What does Scout think of current fashions in education?  Harper Lee's To Kill a Mockingbird

Expert Answers

Want to remove ads?

Get ad-free questions with an eNotes 48-hour free trial.

Try It Free No Thanks
mwestwood eNotes educator| Certified Educator

Scout, who has been talked to in adult fashion by her father in which one person reasons with another, does not understand why Miss Caroline punishes her when she simply tries to help her understand the social order in Maycomb.  As a very intelligent child who has been taught to reason, Scout is nonplussed by Miss Caroline's instructions that she stop reading the Mobile Register with her father because he does not know how to teach. Miss Caroline vows that she will undo the damage that Atticus has made: 

"It's best to begin reading with a fresh mind.  You tell him I'll take over fro her and try to undo the damage--"

After school is over, Scout talks with her brother Jem, complaining of Miss Caroline's remarks.  Jem tries to explain to her that Miss Caroline has learned teaching methods from the educational reformer John Dewey, and she is introducing the new method to Scout's class, but humorously he confuses this with the library system of arranging books:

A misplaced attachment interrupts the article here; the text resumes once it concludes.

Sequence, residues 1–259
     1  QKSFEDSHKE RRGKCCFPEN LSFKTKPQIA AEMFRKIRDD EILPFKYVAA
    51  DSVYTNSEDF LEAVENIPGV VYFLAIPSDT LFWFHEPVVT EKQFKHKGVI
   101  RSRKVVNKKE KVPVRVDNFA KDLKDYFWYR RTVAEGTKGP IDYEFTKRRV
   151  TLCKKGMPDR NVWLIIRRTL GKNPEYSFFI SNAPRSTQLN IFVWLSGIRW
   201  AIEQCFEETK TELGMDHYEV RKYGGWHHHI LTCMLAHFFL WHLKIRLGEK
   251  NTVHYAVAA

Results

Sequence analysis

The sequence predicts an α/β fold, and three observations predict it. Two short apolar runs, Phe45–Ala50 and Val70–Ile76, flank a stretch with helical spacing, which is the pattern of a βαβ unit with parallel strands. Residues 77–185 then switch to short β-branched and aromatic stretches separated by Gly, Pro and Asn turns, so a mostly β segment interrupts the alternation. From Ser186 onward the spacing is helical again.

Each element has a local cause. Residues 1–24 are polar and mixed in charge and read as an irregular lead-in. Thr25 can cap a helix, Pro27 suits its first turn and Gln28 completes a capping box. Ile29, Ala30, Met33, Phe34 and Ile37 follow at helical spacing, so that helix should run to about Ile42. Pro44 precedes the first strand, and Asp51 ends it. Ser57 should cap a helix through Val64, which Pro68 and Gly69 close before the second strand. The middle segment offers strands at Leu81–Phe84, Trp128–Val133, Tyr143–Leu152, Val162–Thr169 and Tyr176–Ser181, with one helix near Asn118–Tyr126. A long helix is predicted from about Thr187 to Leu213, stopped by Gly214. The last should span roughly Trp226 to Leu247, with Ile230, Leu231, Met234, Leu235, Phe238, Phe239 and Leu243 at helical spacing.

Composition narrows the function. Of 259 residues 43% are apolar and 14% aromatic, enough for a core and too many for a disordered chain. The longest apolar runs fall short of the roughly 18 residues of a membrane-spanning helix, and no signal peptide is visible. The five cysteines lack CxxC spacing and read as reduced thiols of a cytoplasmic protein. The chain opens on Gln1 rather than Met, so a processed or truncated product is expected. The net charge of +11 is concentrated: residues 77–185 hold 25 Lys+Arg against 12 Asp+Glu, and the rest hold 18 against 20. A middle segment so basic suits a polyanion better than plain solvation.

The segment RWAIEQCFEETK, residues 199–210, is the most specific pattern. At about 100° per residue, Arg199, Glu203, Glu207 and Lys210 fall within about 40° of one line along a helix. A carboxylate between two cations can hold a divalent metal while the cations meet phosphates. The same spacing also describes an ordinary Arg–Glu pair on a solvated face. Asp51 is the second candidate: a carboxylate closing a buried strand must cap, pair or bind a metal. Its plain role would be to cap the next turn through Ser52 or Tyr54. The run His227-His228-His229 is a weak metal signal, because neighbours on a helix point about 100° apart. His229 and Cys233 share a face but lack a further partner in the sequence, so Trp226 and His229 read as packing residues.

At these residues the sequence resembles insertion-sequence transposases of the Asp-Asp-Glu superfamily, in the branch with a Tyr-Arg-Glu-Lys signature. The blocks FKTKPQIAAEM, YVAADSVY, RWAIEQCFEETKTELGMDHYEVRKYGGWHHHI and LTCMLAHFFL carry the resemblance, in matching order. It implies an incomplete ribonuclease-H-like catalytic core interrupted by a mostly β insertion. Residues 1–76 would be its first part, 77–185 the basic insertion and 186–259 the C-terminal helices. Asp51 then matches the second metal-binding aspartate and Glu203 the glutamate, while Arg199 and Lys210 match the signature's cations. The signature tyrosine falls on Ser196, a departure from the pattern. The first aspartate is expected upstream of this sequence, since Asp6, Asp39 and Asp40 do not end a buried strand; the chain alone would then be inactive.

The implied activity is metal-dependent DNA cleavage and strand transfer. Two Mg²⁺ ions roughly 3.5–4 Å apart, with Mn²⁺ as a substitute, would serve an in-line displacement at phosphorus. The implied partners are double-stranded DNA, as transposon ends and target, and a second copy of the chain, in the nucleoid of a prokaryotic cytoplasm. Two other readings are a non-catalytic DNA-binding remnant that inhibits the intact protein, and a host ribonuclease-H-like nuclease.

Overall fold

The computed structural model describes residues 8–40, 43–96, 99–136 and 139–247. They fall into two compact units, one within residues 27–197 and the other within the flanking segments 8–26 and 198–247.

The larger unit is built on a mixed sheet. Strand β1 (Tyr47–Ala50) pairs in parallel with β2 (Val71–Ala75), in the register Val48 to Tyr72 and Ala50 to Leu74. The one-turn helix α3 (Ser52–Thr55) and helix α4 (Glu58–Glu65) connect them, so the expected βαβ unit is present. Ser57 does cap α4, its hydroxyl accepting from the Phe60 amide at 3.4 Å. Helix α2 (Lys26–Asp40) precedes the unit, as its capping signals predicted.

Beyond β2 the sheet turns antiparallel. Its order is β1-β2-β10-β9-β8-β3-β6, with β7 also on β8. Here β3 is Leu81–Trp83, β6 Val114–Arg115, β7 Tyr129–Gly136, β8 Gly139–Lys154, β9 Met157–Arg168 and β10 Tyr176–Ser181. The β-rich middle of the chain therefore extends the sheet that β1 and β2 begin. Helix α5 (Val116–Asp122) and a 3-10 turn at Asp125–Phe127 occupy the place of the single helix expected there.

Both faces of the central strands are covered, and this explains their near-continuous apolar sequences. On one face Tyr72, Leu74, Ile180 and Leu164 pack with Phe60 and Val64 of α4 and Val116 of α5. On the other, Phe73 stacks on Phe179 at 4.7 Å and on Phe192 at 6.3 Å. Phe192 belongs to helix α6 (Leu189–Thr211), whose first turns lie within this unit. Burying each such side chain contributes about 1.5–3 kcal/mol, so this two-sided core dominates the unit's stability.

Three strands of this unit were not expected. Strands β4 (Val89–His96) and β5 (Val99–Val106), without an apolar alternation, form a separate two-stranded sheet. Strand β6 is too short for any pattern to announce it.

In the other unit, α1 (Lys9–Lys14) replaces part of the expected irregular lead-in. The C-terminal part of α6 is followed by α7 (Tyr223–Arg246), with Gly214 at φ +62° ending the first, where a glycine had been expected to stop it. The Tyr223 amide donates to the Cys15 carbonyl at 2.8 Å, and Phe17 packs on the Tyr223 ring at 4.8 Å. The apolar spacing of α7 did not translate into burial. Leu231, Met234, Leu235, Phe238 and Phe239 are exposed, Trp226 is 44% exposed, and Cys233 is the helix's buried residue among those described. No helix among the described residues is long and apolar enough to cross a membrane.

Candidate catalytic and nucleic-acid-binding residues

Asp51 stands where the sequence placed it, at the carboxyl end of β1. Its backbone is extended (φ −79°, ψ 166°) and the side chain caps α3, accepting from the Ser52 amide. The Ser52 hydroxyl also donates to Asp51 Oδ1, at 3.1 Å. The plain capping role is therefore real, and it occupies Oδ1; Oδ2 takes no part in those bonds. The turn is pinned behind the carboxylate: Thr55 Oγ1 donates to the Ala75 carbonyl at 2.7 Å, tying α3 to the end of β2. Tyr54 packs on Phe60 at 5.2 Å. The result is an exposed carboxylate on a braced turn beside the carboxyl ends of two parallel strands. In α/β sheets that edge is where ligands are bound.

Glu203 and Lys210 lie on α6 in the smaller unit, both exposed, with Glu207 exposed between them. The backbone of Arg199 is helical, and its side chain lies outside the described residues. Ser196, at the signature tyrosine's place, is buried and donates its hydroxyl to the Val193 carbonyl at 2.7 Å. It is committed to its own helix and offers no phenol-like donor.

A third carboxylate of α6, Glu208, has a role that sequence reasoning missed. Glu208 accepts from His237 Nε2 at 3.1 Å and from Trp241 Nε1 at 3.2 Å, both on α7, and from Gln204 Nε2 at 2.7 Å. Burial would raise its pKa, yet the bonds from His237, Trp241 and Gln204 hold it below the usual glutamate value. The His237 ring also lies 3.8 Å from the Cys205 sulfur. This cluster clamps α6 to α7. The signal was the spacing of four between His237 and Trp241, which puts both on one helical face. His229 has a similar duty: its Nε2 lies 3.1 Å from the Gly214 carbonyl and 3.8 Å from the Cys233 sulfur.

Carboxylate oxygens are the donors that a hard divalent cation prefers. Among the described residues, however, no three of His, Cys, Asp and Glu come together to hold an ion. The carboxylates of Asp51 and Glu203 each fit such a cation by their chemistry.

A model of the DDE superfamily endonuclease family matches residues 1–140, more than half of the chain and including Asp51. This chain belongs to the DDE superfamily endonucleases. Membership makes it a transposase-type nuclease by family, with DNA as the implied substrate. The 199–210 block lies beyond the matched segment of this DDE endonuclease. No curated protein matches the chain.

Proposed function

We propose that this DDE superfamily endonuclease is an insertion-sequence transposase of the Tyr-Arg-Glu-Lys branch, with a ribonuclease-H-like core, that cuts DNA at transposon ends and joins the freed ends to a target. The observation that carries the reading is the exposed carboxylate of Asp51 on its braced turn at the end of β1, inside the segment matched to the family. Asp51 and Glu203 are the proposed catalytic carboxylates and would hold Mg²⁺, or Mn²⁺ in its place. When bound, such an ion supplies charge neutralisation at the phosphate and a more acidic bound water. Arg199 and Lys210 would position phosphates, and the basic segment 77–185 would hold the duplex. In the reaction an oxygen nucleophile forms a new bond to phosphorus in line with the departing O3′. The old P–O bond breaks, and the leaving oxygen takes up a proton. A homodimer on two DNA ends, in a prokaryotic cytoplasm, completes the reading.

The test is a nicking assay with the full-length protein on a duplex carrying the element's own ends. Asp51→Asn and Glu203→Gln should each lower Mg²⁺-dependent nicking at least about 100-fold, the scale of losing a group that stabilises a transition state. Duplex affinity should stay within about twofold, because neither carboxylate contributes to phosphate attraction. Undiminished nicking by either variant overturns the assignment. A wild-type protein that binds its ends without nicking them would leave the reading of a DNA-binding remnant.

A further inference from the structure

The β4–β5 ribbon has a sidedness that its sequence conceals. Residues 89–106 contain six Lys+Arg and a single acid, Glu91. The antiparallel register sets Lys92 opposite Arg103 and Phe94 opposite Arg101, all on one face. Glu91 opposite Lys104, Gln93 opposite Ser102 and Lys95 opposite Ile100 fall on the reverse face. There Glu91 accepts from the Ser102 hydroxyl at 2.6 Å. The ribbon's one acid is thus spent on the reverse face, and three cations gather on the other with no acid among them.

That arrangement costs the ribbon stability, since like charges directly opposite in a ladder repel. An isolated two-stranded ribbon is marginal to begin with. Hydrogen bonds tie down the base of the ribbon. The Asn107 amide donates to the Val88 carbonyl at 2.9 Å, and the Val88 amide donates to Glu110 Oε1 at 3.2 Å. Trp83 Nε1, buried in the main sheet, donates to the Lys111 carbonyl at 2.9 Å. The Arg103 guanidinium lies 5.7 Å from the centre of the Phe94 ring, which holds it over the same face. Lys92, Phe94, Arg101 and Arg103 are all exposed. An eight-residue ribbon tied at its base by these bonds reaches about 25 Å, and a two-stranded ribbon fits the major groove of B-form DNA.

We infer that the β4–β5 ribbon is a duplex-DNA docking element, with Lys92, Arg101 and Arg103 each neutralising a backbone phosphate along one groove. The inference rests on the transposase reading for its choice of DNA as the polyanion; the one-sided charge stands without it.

"I'm just trying to tell you, the new way they're teachin' the first grade, stubborn.  It's the Dewey Decimal System."

In addition to Scout's competency in reading, Miss Caroline has "caught" Scout writing, and scolds her for another activity not meant for first grade, Scout finds her teacher's thinking that a student should be prevented from learning something simply because of grade  or age inane and completely illogical.

Read the study guide:
To Kill a Mockingbird

Access hundreds of thousands of answers with a free trial.

Start Free Trial
Ask a Question